More Passengers Are Trying To Board Planes With Guns

The Transportation Security Administration intercepted nearly 900 guns on passengers since the beginning of 2013, according to a report from the Associated Press. That number is up 30 percent compared to last year, and the vast majority of guns intercepted tend to be loaded.

The most common explanation passengers give officers when they get caught is, “I forgot it was there.” TSA agents discovered more than 200 guns in Texas airports, and an Atlanta airport saw 96, while small airports usually uncovered more guns in security than the larger airports.

But the reason why more people have been intercepted — and the TSA does not think these passengers are terrorists — might have something to do with the national debate on where and when guns should be allowed. Sociology professor Jimmy Taylor of Ohio University-Zanesville suggested that people accustomed to concealed carry expect to be able to bring weapons on-board because they are used to concealed carry in their states.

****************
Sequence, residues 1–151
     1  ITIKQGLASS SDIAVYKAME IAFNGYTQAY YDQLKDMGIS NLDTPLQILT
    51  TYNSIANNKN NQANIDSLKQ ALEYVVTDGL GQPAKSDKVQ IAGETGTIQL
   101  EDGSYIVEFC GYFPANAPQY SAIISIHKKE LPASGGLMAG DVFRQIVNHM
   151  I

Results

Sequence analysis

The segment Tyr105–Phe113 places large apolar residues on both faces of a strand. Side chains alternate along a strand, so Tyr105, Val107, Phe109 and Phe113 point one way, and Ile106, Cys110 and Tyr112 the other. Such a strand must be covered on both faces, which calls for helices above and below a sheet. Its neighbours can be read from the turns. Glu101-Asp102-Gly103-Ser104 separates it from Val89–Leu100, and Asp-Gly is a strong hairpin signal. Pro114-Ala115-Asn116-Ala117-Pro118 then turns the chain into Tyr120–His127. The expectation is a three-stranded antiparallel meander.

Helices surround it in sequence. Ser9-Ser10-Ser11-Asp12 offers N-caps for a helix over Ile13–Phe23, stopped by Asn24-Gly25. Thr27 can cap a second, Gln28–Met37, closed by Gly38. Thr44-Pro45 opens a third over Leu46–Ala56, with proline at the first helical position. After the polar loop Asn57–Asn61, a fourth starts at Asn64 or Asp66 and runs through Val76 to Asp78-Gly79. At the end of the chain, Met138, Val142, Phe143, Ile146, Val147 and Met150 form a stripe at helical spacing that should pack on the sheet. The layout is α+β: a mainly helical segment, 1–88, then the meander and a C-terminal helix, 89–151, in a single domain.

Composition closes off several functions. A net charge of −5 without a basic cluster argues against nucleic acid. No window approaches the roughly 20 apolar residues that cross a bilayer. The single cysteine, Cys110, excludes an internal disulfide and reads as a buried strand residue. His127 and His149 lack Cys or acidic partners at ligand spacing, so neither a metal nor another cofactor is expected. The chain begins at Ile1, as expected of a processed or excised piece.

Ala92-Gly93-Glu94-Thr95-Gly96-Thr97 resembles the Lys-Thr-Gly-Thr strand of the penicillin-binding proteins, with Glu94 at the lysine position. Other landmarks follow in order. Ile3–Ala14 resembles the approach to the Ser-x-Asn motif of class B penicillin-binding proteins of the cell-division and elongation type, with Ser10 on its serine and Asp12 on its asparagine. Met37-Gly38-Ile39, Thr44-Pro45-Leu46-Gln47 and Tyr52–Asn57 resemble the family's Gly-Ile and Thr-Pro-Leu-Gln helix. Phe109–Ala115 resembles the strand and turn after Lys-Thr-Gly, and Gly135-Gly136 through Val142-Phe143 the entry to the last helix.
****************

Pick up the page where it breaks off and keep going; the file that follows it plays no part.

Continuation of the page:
Sometimes TSA discovered the gun when a passenger took off his jacket at security, or they found a gun that is designed to look like a pen. A spokesman told the AP “sometimes you have to scratch your head,” because they cannot determine the motive or reason. Meanwhile, a number of states have loosened their gun laws this year, often affecting concealed carry, although none changed the airplane ban.


Ever since recent mass shootings prompted calls for gun violence prevention, gun advocates have sometimes toted guns publicly and openly to make a political statement. For example, one Utah man took his rifle and loaded Glock pistol to a JC Penney in January to show fellow customers that guns are not dangerous, and a Virginia pizza shop encouraged customers to carry their guns in for a discount.